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Govt to make more data available for Smart Nation initiative

SINGAPORE — The Government will commit to making more data available to the public as it seeks to get the private sector — especially homegrown companies — to play a big role in the country’s transformation into a Smart Nation, said Minister for the Environment and Water Resources Vivian Balakrishnan yesterday.

Singapore Central Business District skyline. TODAY file photo

Singapore Central Business District skyline. TODAY file photo

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SINGAPORE — The Government will commit to making more data available to the public as it seeks to get the private sector — especially homegrown companies — to play a big role in the country’s transformation into a Smart Nation, said Minister for the Environment and Water Resources Vivian Balakrishnan yesterday.

There have been doubts expressed by app developers, among others, over whether the Government will loosen the red tape in order to reap the full benefits of the Smart Nation initiative. They had cited past experiences where they faced difficulties in getting access to data.

In response, Dr Balakrishnan, who is overseeing the new Smart Nation Programme Office under the Prime Minister’s Office, said that as long as national security and privacy are not compromised, and there is protection against identity theft, data will be made available for the public and companies to tap.

At the same time, privacy safeguards could be strengthened, with Dr Balakrishnan suggesting legislative changes might be afoot in this regard. A balance has to be struck, he reiterated. “The Government is already quite transparent with data, we are trying to make as much data available as possible, with some caveats.”

Dr Balakrishnan was speaking to the media on the sidelines of the Singapore Makers Festival Makers Meetup held yesterday at the National Design Centre in Middle Road.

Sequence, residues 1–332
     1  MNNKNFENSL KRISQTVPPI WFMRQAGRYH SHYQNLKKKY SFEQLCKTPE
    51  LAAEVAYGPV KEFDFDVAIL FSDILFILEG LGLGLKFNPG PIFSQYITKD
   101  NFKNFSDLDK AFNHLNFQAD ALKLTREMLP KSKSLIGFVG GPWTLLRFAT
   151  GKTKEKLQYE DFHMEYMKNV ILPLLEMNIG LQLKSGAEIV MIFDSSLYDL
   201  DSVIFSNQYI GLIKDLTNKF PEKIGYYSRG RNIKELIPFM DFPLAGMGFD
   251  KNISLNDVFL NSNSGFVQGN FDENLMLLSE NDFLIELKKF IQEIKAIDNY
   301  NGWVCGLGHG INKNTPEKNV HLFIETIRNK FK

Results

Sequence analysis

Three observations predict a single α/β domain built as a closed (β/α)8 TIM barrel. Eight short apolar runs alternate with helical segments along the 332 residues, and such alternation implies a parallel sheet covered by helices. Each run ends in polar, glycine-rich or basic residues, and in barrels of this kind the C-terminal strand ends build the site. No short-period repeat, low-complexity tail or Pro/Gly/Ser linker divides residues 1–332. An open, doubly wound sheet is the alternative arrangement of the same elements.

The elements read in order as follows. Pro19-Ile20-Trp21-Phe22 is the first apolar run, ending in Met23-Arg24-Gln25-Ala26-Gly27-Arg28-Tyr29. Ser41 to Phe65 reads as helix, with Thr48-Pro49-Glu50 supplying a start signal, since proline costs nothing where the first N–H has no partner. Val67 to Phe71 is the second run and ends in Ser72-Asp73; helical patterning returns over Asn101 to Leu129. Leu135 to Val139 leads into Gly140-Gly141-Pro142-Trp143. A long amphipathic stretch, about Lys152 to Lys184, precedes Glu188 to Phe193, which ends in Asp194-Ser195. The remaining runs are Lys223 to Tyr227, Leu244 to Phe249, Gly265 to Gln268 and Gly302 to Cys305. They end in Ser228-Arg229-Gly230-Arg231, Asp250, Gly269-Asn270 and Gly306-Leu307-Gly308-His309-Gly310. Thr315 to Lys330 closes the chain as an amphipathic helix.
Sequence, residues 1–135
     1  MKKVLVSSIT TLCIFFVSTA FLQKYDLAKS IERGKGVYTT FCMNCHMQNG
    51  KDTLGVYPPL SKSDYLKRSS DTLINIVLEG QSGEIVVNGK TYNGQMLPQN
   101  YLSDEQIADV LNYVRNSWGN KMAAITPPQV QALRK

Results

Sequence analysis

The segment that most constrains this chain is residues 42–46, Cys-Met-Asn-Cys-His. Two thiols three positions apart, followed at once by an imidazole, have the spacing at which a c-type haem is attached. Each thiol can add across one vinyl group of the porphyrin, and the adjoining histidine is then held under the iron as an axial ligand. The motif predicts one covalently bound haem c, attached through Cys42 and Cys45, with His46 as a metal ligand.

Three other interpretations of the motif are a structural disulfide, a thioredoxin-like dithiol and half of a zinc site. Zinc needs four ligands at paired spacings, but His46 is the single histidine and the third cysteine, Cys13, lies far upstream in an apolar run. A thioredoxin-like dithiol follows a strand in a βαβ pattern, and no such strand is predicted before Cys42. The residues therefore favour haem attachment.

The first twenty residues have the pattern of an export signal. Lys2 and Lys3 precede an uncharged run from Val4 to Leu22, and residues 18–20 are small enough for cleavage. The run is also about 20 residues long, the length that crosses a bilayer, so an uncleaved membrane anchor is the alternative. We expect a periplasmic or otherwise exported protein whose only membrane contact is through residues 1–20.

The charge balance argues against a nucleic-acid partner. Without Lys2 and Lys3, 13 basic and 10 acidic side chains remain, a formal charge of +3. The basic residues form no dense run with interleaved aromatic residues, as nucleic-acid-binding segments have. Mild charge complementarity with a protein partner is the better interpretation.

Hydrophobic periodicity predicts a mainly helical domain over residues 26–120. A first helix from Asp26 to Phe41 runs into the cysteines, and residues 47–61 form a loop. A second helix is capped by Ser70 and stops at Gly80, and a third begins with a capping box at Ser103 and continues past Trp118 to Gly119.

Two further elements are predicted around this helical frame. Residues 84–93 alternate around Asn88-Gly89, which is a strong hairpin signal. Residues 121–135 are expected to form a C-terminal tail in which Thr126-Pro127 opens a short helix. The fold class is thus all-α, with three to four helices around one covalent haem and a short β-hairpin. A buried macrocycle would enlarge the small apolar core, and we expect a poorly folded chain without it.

Referring to data.gov.sg, where data sets from government agencies are made available to app developers, Dr Balakrishnan said more will be done to improve the website, including wider data sets and more real time data.

He said: “The key point is to break down the barriers ... So a key word there is sharing — that you can derive value by sharing information, that you can devise more innovative solutions to the major challenges.”

He added that the Government wants to make it easier for local companies to enter the industry by providing prototyping labs and giving them opportunities to pitch their products and services to the Government, among other things.

The homegrown industry is one of three groups that the Government will focus on in the Smart Nation transformation. The others are seniors and youth.

As the elderly are likely to be key consumers of the new smart products and services, such as telehealth, they would need to have sufficient digital literacy, Dr Balakrishnan noted.

On the young, he added that the Government wants to build a generation that is digitally literate and proficient in programming, for example. To that end, there will be various enrichment programmes to teach coding, from primary school level onwards, he said.

He also cited public transport as a key area. Next month, trials for driverless vehicles will start on public roads at one-north and, possibly, at sites such as Sentosa.

Dr Balakrishnan said: “Why we choose to call this Smart Nation, rather than the more commonly heard term Smart City? Because although we are a city state, and we are small, we are actually functioning as a single level government ... So there is a chance for us to generate solutions that apply nationally.”

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